I think that's just an amazing quote because we're not just being humble just to be nice necessarily, although that's part of it. We're being humble in the purpose of something. And he characterizes it in the services of ambition. And it helps us do big things in the face of many unknowns. I think the times of being able to know everything and have all the information at our fingertips as the leaders of our divisions or the CEOs of our companies is long, long gone. And so, those of you who are leading businesses right now know that being able to deal with ambiguity is a huge characteristic of a great leader. And being able to deal with ambiguity requires humility by default, in my opinion.
The other quote that came out of this article from Bill Taylor was these, the leaders that are humble in the service of ambition focus on the work, not themselves. They seek success. They're definitely ambitious, but they're humbled when it arrives. They feel lucky and not all powerful. They don't feel lucky all the time. They know that their efforts and their team's efforts have contributed, but they also know that with complexity in today's environment, effort counts for a lot but luck sometimes is at our fingertips as well. These two quotes, I thought, got at the essence of what being a humble leader was all about.
So, we think there are four basic blocking and tackling components to being a humble leader. The first ... and I'm going to walk through each one of these in some level of detail ... but the first is self-awareness. Being able to step back and reflect on how things are going for ourselves and how others see us. Checking our overdone strengths and looking at how their maybe getting us out of whack on that confidence/humility seesaw. At the heart of humility is the ability to be vulnerable, and so, we'll talk a little bit more about that. And then, the what I think is an art, the art of giving and receiving feedback is huge in terms of being a very humble leader that has a strong balance on that confidence/humility spectrum.
Let's talk a little bit about self-awareness. And again, many of you who have been on my previous webinars will know that I point back to a woman names Tasha Eurich who I hope she writes a lot more books but one of the best business books I've read in a long time is called Insight by Tasha Eurich.
Let me pull it off my shelf and get the full article, or full title. Insight: Why We're Not As Self-Aware as We Think and How Seeing Ourselves Clearly Helps Us Succeed at Work and in Life. It's a great book and I use her construct of self-awareness in the work that I do and in the writing and the speaking that I do. And so, from our perspective, self-awareness is the key to having a good balance of confidence and humility if you can't step back and reflect on how you're impacting others then you certainly will have a difficult time balancing that humility/confidence spectrum.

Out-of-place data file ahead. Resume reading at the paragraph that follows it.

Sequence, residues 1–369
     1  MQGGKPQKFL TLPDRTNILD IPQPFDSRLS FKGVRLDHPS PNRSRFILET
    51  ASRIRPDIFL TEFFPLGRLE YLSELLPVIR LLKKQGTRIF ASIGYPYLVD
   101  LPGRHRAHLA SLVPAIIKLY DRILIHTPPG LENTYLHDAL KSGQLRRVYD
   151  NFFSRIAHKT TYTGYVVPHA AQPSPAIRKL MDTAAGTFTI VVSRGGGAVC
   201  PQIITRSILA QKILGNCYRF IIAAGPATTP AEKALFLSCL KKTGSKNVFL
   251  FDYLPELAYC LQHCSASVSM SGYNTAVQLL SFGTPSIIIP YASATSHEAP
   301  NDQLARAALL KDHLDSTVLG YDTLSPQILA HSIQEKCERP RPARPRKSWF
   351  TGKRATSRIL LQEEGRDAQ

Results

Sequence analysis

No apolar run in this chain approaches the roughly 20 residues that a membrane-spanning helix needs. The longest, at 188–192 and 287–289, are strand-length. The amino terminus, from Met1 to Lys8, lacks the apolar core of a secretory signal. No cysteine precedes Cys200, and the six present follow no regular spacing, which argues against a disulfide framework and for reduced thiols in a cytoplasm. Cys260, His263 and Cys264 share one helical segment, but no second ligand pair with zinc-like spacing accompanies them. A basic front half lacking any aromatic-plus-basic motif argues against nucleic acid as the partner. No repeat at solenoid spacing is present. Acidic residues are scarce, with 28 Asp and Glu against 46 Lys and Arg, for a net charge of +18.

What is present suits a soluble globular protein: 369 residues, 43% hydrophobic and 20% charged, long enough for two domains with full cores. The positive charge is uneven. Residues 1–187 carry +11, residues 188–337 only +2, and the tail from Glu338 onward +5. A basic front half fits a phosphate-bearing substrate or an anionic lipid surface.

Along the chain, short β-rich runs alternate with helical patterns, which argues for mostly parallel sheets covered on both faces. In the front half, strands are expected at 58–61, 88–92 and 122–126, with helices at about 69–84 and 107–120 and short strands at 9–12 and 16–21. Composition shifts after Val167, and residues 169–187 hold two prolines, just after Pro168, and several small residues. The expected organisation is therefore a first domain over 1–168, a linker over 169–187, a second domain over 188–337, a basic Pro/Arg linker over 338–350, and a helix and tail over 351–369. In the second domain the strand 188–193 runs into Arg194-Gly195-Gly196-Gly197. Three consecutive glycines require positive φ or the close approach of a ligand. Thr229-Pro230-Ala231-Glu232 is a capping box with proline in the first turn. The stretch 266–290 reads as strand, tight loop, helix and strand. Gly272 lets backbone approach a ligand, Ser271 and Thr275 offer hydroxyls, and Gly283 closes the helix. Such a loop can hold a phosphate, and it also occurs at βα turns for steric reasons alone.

So, she did a lot of extensive research to write this book. Several years, 5,000 people, and through that, she found that while most people believe they are self-aware, self-awareness is truly a rare quality. And generally, that's true because of this graphic I have off to the right. To strengthen self-awareness, she suggests that individuals have to focus on two types. And many times, we only focus on internal self-awareness versus external self-awareness. Let me talk about what these both are. They're pretty simple concepts but if you believe that her research is true and most people aren't really that self-aware then this might shed some light on that.
Internal self-awareness represents how clearly we see our own values, passions, and aspirations fit with our environment, reactions, and impact on others. And that's generally when you step back and you think okay, how am I living my life? How am I doing with the work that I'm doing? How am I, not just in terms of the business results I'm getting, but how am I doing it? And how am I impacting others?
It's really important to have that reflection, but it's equally important, and sometimes almost more important in my opinion, to be externally self-aware. It's important to know how you think you impact others. But until you really understand and seek to understand how others view you, you really only have one side of the self-awareness coin. And so, the essence of if you really are truly trying to be a more humble leader, it's really important to step back and look at how you're impacting others. But really also very, very important if you haven't done this is not just assuming that others see you as you see yourself but assuming ... and not just simply not assuming and asking others how they see you.